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Mary J. Blige’s  admission of being the victim of childhood molestation on her “Behind The Music” has triggered discussion of the connection between molestation and addiction. She survived. Many victims never come out of the downward spiral of addiction.

Amy Winehouse’s Death Makes Us Think About Helping The Addicts In Our Lives

Victims of rape or sexual assault may turn to alcohol or other substances in an attempt to relieve their emotional suffering. In the U.S., victims of sexual assault report higher levels of psychological distress and the consumption of alcohol than non-victims, in part, to self-medicate. Some victims use substances to cope with the reality of what happened to them or to cope with the symptoms of Post Traumatic Stress Disorder, a common reaction to an extreme situation like sexual assault. However, it is not a healthy way to deal with the trauma of sexual assault and can cause additional problems, such as addiction or dependence, that hinder the healing process.

Survivors of sexual assault or sexual abuse in childhood may abuse drugs to help them “numb out” and push away the painful memories of sexual violence. Victims may also turn to drugs instead of true recovery resources, such as counseling; they may not think that friends or family will understand them, they may not know where to access recovery resources, or they may be embarrassed to talk about what happened.

When compared to non-victims, rape survivors are 3.4 times more likely to use marijuana, 6 times more likely to use cocaine, and 10 times more likely to use other major drugs. It may be helpful for a survivor to share their experiences and concerns with a qualified service provider (i.e. counselor or psychologist). A general physician can suggest community resources as well as prescribe medications to control cravings and withdrawal symptoms while the user seeks further help.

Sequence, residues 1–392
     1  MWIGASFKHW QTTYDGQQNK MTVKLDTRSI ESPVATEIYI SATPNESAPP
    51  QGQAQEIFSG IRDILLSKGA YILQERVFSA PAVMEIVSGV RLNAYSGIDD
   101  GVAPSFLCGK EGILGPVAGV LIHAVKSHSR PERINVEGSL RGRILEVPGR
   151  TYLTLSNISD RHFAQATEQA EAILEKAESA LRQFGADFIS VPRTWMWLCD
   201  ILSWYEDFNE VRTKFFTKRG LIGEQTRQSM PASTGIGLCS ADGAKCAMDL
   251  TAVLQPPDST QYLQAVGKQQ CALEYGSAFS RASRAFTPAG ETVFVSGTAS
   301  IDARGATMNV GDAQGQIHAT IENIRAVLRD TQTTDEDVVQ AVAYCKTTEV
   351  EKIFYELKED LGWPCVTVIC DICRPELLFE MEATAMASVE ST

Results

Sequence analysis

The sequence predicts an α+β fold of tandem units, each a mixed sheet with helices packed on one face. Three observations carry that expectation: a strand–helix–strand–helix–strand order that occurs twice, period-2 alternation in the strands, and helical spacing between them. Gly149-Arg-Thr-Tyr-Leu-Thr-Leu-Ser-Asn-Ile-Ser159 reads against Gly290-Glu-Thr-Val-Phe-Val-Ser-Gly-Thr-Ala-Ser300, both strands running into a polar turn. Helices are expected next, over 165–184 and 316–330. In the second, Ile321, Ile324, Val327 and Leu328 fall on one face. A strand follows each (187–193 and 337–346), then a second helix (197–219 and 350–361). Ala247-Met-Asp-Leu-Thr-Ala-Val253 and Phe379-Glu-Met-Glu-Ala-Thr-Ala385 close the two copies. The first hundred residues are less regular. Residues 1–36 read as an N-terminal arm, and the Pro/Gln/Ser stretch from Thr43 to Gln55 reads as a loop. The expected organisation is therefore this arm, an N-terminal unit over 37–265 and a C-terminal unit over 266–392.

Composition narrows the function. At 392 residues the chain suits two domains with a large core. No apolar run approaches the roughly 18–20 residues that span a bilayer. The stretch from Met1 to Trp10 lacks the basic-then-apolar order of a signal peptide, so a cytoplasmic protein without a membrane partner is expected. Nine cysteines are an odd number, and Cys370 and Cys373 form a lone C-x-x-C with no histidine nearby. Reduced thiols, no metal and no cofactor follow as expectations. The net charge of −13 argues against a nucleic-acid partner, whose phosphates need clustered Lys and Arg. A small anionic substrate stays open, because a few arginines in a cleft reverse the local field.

Are You An Emotional Eater?

If you feel you are suffering from substance abuse:

  • Reach out to a trusted friend or family member and ask for help.
  • Contact the free Substance Abuse Treatment Referral Helpline.
    • 1.800.662.HELP(4357)
  • Contact your doctor.
    • Contact your doctor immediately if you are suffering from a cough that won’t go away, fever, continuing feelings of depression, jaundice, mild tremors, leg swelling or increased abdominal girth.
  • Call 911 or go to a hospital’s emergency department immediately if you are suffering from severe abdominal pain, chest pain, rapid heartbeat, severe tremors, numbness, or suicidal thoughts.

If you know or suspect someone you love is suffering from substance abuse

  • Contact the free Substance Abuse Treatment Referral Helpline for support and advice on helping your loved one.
    • 1.800.662.HELP (4357)
  • Do not “cover up” for your loved one. It is important that he or she get the help that they deserve.
  • Choose a time to speak with your loved one when he or she is sober, when both of you are fairly calm, and when you have a chance to talk in private. It is also best to speak to your loved one shortly after a substance-related problem has occurred (like a serious family argument or accident).
  • Gather information in advance about treatment options in your community. If the person is willing to get help, call right away for an appointment, and offer to go with him or her for support.

It is time we bring this out of the darkness into the light.

Make sure you are following @Elev8official for stories like this and more. For more from Oretha Winston follow her on twitter here.

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